Curriculum Changes and Delicious Dialogue

In Greece, dear reader, it is customary to wish people a good month on the first. While we are a day late, I still want to wish you a happy February. My hopes for you all for the month, wherever you are, is that corona is not running rampant, or impacting your lives in any way. Here in Amsterdam, we have a rather ridiculous curfew which I am not sure is doing anything to stem the tide of new cases. We are supposed to be home from 9 o’clock in the evening until 4:30 in the morning. I myself am of an age that a curfew doesn’t matter and there’s no place that I want to go at 9o’clock at night anyway. And no matter what my age was, I never wanted to stay up until 4:00 in the morning.

Over at Inkreadable, it’s been a fairly slow week work wise, though I had two days in the past week where I worked a full six hours teaching. One day was even 7 1/2. I had forgotten how tiring it is to be on for that long. On Wednesday and Friday of this week, I found myself absolutely exhausted from teaching full five hour days at VIPKid and then a couple of hours at Lingueo. But also happy that at least I had some full-time work. If all of my days could be like that that would be wonderful.

My private students in China are again on a break because they have a week and a half of winter camp so I won’t see them tomorrow nor did I see them on Sunday. Over in Poland, Karolina has decided that she would like to change the lessons and so we are shifting our focus from conversation and using 21st-century readings to make lessons, to a more targeted lesson to practice the strategies for the IELTS. I’m excited about this because I really like teaching the IELTS. It’s not an easy exam, and even I struggle with it, let alone someone who doesn’t speak English as their first language. I certainly don’t get everything right..

My super advanced, nearly speaks better English than I do student has now decided she wants conversation classes. I’m also quite a bit more happy about that because I was really running out of advanced grammar to teach her. So during our lesson on Thursday we had a conversation based on an article that I found from the BBC called “What If Animals Were As Smart As Us”. The article goes into fairly interesting points about sentient beings and what might happen if all the animals think on the same level as humans. While I had initially used the article as an example of the conditional tense with Karolina, with Maria it turned into an interesting discussion about our views about who actually rules the earth and where man lies in the food chain. Are we the top hunter? Or is there something else that is even more dangerous than we? This of course, lead to an  interesting conversation about the different choices that people make in their lives regarding their own consumption of food. While Maria is not a vegetarian per se, (she eats meat when not at home), in her own home she doesn’t cook it because she doesn’t really like it. Which to me is the best reason not to eat it. Needless to say, the next few classes are going to be challenging and quite fun.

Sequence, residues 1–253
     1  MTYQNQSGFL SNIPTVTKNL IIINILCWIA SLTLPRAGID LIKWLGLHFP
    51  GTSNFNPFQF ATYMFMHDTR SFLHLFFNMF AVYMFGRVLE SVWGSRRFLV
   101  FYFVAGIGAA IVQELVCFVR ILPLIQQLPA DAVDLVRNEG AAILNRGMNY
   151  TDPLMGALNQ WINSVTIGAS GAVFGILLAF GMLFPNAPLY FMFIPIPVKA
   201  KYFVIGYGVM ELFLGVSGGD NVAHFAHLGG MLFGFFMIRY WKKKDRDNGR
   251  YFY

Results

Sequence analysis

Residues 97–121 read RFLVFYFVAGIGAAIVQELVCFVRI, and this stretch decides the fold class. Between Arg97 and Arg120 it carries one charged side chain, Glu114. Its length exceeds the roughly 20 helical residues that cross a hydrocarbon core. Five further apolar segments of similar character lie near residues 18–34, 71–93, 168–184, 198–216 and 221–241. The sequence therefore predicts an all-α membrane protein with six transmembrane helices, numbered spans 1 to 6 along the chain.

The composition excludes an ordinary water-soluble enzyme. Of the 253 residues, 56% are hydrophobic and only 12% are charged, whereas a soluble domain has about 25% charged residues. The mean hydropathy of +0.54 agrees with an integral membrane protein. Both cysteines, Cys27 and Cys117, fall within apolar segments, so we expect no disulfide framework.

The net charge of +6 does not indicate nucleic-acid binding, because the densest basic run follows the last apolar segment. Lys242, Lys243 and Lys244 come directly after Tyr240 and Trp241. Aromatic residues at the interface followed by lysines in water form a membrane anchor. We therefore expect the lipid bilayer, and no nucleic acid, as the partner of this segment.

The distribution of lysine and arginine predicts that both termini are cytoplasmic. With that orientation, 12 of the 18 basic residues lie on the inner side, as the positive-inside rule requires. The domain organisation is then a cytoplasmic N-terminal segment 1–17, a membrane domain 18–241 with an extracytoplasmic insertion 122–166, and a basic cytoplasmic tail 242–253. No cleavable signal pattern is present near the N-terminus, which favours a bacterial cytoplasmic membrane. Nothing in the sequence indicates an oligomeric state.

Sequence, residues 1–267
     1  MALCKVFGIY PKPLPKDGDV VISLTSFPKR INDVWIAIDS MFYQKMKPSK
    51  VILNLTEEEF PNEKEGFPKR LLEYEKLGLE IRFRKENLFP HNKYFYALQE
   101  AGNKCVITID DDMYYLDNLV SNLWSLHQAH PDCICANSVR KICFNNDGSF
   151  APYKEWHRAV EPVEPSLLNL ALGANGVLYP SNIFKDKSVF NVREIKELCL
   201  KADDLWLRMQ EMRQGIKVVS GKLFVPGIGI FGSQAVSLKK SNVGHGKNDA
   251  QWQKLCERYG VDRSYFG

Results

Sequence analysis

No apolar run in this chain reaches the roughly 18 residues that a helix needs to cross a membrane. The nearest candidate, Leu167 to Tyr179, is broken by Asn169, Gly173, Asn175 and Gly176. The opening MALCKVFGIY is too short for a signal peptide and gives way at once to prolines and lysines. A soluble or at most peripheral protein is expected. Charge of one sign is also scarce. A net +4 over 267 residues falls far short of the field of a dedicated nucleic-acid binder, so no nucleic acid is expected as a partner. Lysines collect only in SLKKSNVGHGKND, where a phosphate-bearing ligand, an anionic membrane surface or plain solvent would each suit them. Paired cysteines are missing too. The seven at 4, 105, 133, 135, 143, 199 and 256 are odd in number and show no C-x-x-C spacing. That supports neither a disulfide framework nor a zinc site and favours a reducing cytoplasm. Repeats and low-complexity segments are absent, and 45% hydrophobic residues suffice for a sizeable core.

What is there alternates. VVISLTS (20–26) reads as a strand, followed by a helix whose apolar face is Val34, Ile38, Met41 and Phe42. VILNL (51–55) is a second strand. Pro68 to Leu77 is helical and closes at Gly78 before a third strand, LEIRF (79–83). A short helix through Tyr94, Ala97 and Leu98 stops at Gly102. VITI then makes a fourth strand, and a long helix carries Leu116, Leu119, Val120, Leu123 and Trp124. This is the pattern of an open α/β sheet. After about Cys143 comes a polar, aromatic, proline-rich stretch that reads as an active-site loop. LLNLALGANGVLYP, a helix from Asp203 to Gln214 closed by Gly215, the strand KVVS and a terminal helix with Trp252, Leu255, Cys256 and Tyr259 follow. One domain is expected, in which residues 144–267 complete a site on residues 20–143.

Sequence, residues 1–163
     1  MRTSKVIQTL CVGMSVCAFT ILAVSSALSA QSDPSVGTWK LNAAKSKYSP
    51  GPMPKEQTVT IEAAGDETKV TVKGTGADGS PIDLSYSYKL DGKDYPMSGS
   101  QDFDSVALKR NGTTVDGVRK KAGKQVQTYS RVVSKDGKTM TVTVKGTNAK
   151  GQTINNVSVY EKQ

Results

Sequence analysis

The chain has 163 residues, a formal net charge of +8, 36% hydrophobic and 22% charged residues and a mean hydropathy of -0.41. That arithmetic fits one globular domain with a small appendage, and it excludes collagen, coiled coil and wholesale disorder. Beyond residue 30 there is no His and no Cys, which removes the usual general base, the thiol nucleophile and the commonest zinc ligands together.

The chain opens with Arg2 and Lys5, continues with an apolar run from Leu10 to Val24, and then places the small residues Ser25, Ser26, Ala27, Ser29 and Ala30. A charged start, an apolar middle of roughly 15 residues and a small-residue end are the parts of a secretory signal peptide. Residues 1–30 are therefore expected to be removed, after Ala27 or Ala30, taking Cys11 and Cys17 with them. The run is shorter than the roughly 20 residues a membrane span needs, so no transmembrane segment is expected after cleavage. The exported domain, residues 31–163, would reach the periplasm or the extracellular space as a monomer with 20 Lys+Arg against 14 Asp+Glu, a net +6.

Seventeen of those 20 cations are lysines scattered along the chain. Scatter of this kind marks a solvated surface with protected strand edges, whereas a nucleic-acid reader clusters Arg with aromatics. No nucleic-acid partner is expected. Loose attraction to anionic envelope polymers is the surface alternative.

This week’s writing session was great as I was able to get to chapter 20 of my own work and slowly clear out comments from the Washington creative writer’s club  that are a million years old. I also received comments from the fifth critique submission from the Critique Group here.  I have been quite slow (read not at all) looking at those comments because I simply cannot multitask. In addition, I would like to give my readers here a clean copy of the novel which is why I’m trying to get the comments that I have from the US group cleared away. I have forgotten my friend Adam’s comments, he has sent me essays about my writing, and as they are in another place on my computer, I continually forget to add them in. I might have to do that at some point.

The Wednesday critique group met last week and it was amazing because we got treated to a wonderful lecture by one of our members about how to write dialogue. I find I it to be quite difficult but Juan is a master. It was an hour long lesson essentially on how to write dialogue in five (not so easy) steps. And it was great. I learned quite a lot, and asked him for his lecture because there’s no way that I’m going to remember everything that he talked about. I am looking forward to going back and trying to use some of the tips and some of the ways to engender conflict through dialogue which I don’t do very much or at all well. Both Ilana and I are quite willing to listen to the lecture again should he choose to give it to a greater audience in the future.

Yesterday marked the second of my appointments at the eye doctor. This was for a field of vision test to make sure that my field has not actually shrunk. It’s small enough as it is. Next up in a month, it’s a consultation with someone else. So my preparation for cataract surgery proceeds apace. I also have to schedule a consultation with the neurologist after these three MRIs that I’ve had. But I haven’t seen a date in the system yet. At least things are being done, and maybe in the not too distant future I’ll be able to see better out of my right eye.

That’s all she wrote for this Inkreadable installment. But stay tuned. As always, there is more to come.

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